PR is no longer the future of SEO. It already is PR.
SEOs recognise this, and the majority are now carrying out online PR: whether they call it that or not, all decent SEOs are now creating content and reaching out to online influencers.
General marketers realise this. In a survey we recently conducted of 250 UK marketers, 52% said that PR and SEO work closely together in their organisation, and a whopping 71% think their PR agencies are experts at SEO.
But how are those PR agencies performing in their newfound position as SEO experts?
'Learn to code'. Now there’s a phrase that’s been a regular feature on many people’s recent New Year resolutions lists.
A quick check of Google Trends will tell you people started getting interested in late 2008, but it’s really caught on in 2013.
It’s been particularly picked up in the digital marketing community, and quite rightly. A fundamental understanding of the backend workings of digital properties is invaluable knowledge for any digital media or marketing professional.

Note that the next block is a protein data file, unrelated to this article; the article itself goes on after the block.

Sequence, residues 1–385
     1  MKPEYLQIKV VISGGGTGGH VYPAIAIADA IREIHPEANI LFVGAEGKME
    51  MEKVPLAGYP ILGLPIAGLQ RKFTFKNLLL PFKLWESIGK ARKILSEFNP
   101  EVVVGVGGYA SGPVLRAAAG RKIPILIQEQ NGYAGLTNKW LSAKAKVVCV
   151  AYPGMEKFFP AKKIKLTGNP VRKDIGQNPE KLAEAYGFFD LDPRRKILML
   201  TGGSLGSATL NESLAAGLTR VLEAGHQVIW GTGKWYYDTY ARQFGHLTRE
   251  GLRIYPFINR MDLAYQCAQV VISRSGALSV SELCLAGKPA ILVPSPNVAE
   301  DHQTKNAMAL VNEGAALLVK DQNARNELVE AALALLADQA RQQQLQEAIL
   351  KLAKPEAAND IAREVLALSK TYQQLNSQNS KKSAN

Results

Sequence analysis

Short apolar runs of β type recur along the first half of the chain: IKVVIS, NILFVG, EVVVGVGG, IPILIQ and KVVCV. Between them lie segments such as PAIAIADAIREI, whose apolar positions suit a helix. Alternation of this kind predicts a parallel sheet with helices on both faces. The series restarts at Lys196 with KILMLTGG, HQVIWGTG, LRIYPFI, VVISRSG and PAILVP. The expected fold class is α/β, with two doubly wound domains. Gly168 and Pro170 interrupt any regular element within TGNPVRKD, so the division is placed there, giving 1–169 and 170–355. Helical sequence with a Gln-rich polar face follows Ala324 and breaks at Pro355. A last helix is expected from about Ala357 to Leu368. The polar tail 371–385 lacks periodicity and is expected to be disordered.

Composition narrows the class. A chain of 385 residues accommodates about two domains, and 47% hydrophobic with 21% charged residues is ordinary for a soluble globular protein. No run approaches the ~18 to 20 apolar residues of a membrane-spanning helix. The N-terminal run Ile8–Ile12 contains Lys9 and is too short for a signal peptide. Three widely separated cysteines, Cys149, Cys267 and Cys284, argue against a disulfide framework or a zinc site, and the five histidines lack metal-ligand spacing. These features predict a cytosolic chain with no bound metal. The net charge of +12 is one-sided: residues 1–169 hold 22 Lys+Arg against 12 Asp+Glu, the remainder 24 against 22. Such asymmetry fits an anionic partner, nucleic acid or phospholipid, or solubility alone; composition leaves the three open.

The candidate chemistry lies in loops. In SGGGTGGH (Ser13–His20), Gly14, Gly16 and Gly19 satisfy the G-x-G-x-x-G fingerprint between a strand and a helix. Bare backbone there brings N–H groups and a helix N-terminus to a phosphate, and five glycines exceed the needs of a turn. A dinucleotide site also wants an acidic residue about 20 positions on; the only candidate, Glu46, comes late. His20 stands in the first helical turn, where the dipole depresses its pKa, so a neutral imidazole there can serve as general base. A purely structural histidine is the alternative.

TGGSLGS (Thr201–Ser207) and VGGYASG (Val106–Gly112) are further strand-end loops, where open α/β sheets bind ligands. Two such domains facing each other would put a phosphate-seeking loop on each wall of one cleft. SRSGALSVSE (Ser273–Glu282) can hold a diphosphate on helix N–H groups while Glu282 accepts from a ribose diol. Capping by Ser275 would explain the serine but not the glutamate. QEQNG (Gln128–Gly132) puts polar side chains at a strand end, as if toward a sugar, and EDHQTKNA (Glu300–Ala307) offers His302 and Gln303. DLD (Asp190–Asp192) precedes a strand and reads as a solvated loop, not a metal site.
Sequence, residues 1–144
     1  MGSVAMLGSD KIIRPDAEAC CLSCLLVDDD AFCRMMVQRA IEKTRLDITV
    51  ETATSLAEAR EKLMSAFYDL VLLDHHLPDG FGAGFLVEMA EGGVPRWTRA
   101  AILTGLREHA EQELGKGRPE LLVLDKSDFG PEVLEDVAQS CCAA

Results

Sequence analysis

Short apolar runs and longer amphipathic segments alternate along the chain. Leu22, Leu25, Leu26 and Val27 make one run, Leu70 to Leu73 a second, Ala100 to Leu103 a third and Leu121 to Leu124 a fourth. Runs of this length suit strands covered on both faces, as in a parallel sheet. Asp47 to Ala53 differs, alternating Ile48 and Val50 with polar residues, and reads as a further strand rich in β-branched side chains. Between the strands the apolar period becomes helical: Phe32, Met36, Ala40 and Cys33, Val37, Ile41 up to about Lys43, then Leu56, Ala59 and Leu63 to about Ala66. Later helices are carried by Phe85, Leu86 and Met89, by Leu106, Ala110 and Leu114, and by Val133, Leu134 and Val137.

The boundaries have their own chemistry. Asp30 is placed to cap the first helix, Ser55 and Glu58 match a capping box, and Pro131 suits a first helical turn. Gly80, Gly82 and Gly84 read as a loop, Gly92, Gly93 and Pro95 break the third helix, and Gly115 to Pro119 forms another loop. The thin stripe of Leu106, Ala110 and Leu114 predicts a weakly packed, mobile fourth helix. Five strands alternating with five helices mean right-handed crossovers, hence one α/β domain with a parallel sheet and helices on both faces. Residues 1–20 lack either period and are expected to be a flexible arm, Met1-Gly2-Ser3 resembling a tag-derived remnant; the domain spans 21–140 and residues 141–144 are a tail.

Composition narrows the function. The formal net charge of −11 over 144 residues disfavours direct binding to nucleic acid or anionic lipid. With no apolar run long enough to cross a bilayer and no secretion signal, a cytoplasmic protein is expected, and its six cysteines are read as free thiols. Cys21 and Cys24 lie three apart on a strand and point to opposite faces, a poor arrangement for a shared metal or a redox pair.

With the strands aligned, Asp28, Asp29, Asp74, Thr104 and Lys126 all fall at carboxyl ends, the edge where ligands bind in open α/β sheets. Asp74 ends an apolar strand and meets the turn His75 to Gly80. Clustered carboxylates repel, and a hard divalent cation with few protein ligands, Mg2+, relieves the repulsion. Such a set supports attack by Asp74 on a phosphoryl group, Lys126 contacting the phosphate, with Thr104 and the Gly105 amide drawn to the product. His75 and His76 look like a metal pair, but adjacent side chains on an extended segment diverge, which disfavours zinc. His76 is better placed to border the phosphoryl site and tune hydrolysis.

So firstly, to clear up any confusion, I by no means want to discourage anyone looking to learn, or to be negative about the subject at all. I just want to call for some clarity on what 'learning to code' really means.
The press release, the original tool of the PR pro, is broken.
It happened in stages. First there came email, prior to which press releases had been faxed or posted to editors, the laboriousness of the task forcing PR people to choose their targets with appropriate care and attention.
But with email, you can grab a list and not think twice about bunging it out to all and sundry. The result was laziness leading to abuse.
Then came the SEO industry. The press release’s power for generating link juice was spotted. Stick a press release on a wire and regardless of its quality or newsworthiness, its content and links will get replicated across the web, even on some authoritative domains.
Once again, the result was laziness leading to abuse.